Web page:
The Daily Telegraph
Bear’s toughest test: conquering children’s TV as a cartoon hero
BEAR GRYLLS is to be a cartoon hero after the television survivalist signed a deal to turn tales of his schooldays into a series of animated adventures.
Young Bear Grylls will follow the former Eton schoolboy and SAS soldier as a 12-year-old, embarking on expeditions and tests of his outdoor skills – all while keeping up with his homework.
The show will be made by Platinum Films, an independent British production company, which beat competition from major US studios to land the deal.
“Young Bear Grylls is all about bringing the spirit of adventure and exploration to kids in a way that fires their imagination and brings out the survivor in them,” Grylls said.
Grylls is the UK Scout Association’s Chief Scout and once published a “manifesto for children” which included fitness, climbing mountains and the banning of computer games.
The plan is for the show to go global, with a merchandising deal encompassing action figures and books.
Grylls’s Born Survivor programme on Channel 4 has been seen by an estimated 1.2 billion people, and his US survival show, Running Wild, has attracted celebrity participants, including actress Kate Winslet and Barack Obama.
Grylls, the son of the late Tory MP Sir Michael Grylls, was, at 23, one of the youngest people to climb Everest. And he did it just 18 months after breaking his back in a parachuting accident.
He served with 21 SAS before beginning his television career. His stunts – most notably, escaping quicksand, crawling inside a camel carcass, eating elephant dung and biting off a snake’s head – are all performed with maximum enthusiasm and have made him a hit with children.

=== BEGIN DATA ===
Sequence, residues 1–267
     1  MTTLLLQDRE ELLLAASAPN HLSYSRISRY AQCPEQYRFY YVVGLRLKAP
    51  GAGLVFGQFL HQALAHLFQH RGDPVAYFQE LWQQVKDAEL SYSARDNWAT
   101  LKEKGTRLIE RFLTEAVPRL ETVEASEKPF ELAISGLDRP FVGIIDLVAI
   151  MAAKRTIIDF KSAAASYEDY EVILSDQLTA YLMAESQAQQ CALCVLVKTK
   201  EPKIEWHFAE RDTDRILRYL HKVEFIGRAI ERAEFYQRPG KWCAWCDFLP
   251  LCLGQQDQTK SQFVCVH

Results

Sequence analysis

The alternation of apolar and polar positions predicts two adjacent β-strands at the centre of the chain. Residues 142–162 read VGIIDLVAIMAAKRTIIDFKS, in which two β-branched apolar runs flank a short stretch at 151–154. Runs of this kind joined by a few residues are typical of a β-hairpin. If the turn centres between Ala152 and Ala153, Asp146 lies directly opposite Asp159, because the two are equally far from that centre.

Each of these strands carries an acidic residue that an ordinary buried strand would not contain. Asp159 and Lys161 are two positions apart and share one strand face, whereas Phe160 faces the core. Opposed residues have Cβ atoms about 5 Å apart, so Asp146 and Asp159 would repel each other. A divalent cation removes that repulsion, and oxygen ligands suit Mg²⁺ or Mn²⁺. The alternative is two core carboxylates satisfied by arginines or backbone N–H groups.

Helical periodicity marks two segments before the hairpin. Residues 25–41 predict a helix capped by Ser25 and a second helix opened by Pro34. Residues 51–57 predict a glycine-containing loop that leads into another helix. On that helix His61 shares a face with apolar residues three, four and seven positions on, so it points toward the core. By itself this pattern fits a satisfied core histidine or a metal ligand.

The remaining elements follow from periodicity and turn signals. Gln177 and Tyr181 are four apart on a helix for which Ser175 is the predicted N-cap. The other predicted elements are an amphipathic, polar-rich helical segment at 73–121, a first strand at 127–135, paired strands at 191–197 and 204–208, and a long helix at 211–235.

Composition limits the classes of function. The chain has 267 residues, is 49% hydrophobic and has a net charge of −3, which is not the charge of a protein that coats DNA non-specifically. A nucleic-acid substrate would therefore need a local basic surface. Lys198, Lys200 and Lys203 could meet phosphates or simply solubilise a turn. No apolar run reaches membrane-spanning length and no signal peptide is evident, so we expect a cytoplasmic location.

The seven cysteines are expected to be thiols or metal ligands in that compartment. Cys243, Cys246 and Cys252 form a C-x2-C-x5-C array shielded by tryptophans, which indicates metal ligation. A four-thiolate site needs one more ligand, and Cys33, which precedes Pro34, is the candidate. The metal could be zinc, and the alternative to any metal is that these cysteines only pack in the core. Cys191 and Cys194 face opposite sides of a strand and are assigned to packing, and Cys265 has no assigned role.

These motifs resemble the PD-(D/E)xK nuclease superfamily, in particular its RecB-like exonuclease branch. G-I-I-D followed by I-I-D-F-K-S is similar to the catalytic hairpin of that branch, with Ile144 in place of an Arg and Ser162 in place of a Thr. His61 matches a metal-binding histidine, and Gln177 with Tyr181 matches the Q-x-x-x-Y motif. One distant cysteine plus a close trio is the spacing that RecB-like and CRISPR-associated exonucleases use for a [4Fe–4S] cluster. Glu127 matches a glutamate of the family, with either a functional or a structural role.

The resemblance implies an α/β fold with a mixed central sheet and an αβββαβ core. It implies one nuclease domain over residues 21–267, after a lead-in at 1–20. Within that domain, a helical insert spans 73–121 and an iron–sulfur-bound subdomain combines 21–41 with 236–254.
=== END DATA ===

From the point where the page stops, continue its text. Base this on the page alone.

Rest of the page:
He described the new series, to be broadcast in 2018, as “totally original, translatable, enduring and exciting”.
Platinum is based at Pinewood in Buckinghamshire, home to the James Bond franchise. The company’s first show, Dream Street, was aimed at pre- schoolers but used part of the cinema special effects team from The Empire Strikes Back and Alien. The show was launched in 2000 as ITV’s rival to Teletubbies and was sold to 65 countries.
Its founder, Nigel Stone, said: “You don’t have to play down to children. They’re just small people who think in a different way.”
Young Bear Grylls will present a positive role model, Stone said. “His kindness, his courage – these are the qualities I would want in a hero of one of our shows. The most important thing for Bear’s camp, and for us, is that we inspire children. Kids watch TV and it influences them, so why not influence for the good?
“Does that mean he’s going to be a Goody Two-Shoes? No. It means he’s going to be a normal boy and do all the things a normal kid does, but also do the exciting things, because he’s a hero.”
Few shows beyond the pre-school years are aimed at both boys and girls.
Stone said: “It’s really hard to pull off a mixed-genre show because broadcasters say, ‘Boys don’t watch what girls watch and girls don’t watch what boys watch’. But they clearly do.”
There is a wealth of Bear Grylls merchandise on the market, from survival kits and clothing to action figures accompanying his US survival series.
But products aimed at younger children could be a major money-spinner.
“Every show leads to merchandise but we’re thinking about things we can do other than the traditional, great stuff like books and toys,” Stone said.
“When we first launched Dream Street, we had the No 1 toy in Hamleys and didn’t know how to harness it. Now we do. We’ve gone from being a small British production company to a global media company, and we pinch ourselves a little bit.”
‘It’s about bringing the spirit of adventure to kids in a way that brings out the survivor in them’